Thursday, May 28, 2015

Q: We went back to that house you showed us last weekend.

We found a dead hummingbird under a feeder and another dead bird in the bushes near the back door. Do you think there is something wrong with the water there?

A:  There should be nothing wrong with the water at that home since it’s in a good water system that’s checked regularly.  What you probably saw was the result of spoiled birdseed and sugar water that had mold and fungus in it.  It’s not uncommon, I’m sad to say, for homes that are vacant to leave behind their half filled bird feeders.  The seed spoils and can kill birds if they eat it.  With the hummers, the feeders develop molds and fungus that can kill these lovely little birds.
Most people are not aware of the danger of dirty feeders.  In addition, many people who feed birds do not properly clean the feeders before they pour in new seed or, with hummingbird feeders, add sugar water.  They think they’re doing the birds a favor but they’re literally killing them. Seed gets stuck in the bottom of feeder tubes and rots, turning it deadly. Folks should read about the proper way to feed birds and clean feeders. Even mixing the sugar water needs to be done properly.

This is not really a real estate issue but I am a birder (birdwatcher) and this sort of thing bothers me.  Particularly in spring and summer the birds will do just fine without the feeders, so unless a person plans on keeping their feeders really clean they shouldn’t have them.  Our Anna’s hummingbirds are here year round as well as many varieties of other birds, so in the winter it helps them out to feed them, but only if you take responsibility to keep the feeders clean. Most experts will tell you that the hummingbird feeder should be clean enough that you would drink the sugar water out of it.  It must be changed and cleaned very often to prevent the fungus that can kill these beautiful little birds.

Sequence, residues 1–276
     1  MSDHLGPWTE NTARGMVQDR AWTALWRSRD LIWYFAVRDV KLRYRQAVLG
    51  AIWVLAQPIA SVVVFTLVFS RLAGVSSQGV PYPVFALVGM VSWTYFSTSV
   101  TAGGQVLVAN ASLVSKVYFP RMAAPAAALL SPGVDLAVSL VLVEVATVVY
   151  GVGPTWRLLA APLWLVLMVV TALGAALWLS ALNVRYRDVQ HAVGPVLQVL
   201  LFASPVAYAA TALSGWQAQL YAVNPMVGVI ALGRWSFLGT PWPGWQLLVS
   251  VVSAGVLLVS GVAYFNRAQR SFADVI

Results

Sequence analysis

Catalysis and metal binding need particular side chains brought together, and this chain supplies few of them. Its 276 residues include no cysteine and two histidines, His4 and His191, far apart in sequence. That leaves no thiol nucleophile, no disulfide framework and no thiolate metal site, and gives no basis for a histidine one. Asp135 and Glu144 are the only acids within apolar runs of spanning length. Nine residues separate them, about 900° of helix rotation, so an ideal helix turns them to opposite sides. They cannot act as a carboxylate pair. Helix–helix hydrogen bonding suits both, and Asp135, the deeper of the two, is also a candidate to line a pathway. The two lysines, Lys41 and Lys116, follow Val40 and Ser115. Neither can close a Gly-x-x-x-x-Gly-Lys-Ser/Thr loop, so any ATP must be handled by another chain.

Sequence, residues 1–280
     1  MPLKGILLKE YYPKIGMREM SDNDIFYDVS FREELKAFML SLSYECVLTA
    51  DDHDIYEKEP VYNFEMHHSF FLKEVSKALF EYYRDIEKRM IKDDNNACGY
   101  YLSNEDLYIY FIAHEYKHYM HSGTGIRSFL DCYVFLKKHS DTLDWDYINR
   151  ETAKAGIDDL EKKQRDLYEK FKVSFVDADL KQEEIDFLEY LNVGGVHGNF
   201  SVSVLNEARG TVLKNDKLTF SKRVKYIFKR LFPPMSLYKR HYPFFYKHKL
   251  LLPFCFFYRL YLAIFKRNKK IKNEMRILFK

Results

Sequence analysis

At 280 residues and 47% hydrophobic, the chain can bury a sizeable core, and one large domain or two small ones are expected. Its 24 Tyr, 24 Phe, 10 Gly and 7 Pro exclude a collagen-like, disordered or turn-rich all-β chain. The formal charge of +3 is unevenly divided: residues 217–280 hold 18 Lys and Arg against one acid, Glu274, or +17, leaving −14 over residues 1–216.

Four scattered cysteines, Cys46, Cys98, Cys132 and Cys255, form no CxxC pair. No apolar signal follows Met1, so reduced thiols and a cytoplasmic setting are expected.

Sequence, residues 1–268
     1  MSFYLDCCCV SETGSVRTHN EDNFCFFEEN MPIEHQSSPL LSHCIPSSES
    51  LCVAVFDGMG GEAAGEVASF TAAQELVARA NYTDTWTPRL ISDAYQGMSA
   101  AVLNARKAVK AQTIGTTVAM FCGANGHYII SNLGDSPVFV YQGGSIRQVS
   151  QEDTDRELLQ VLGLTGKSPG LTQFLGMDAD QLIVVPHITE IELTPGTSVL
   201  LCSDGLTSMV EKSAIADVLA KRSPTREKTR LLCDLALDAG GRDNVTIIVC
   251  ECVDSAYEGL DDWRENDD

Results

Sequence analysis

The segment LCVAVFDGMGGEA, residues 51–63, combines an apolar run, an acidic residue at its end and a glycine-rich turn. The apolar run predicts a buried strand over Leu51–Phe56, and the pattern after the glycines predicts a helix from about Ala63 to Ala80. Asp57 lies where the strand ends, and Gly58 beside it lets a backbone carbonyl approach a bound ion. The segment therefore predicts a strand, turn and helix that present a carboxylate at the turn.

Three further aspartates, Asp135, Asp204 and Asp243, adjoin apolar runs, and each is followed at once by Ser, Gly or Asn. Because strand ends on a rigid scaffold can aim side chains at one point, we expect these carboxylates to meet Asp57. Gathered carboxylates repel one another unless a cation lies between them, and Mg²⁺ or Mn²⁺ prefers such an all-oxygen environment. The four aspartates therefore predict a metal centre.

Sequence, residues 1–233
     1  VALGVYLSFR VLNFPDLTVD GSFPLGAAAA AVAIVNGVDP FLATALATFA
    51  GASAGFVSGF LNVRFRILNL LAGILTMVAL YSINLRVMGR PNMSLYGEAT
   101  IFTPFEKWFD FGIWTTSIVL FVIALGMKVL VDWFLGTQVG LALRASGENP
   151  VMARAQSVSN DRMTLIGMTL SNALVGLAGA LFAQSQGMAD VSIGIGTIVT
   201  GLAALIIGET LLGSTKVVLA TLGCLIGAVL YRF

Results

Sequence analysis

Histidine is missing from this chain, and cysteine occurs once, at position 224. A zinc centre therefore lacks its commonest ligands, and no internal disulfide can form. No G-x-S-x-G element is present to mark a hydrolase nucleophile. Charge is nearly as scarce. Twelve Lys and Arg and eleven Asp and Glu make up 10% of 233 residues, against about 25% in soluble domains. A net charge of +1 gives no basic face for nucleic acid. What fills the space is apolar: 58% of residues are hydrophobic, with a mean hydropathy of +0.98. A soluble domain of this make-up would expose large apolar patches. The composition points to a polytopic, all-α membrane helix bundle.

Thursday, May 14, 2015

Q: Thanks for coming by the house to advise us on getting ready to sell.

My wife is having a hard time with your suggestion to pack up all our personal stuff.  We’ve got photos of the grandkids and some special other stuff on the refrigerator, as well as a lot of the collectable keepsakes from our travels set out around the house.  She’s sentimental about that stuff so I’m not sure we can do what you suggested and pack it up.

A:  First let me remind you that you’re going to be moving anyway.  Starting your packing may get you a bit more focused on looking forward, not back.  Second, you may recall that I mentioned that when all of your stuff is visible, potential buyers often end up “visiting” you, and not thinking about buying your house.  If they’re local they may even know some of the folks whose pictures are up around the home.  They can even start talking about the time they visited a place that you have photos and keepsakes from.  They are no longer imagining the house with their belonging in it or thinking about the spaces in the house and how they would use it. I’ve always thought that the first things to be packed when you’re going to move should be your most treasured items. You don’t want to have these things get lost in a packing frenzy once you have a sale. It’s also usually recommended by listing brokers that you have the home as clean and clear of excess items as possible to make it easier to photograph. That always shows better on the Internet.  I know you have many fond memories attached to that home.  But now that you have a new plan for your lives, it’s time to start packing so that you can move on.  Soon you’ll have a new refrigerator for those photos to live on and a lovely new house close to family members and friends. You can unpack all those lovely mementoes of your life and let them become a part of your future.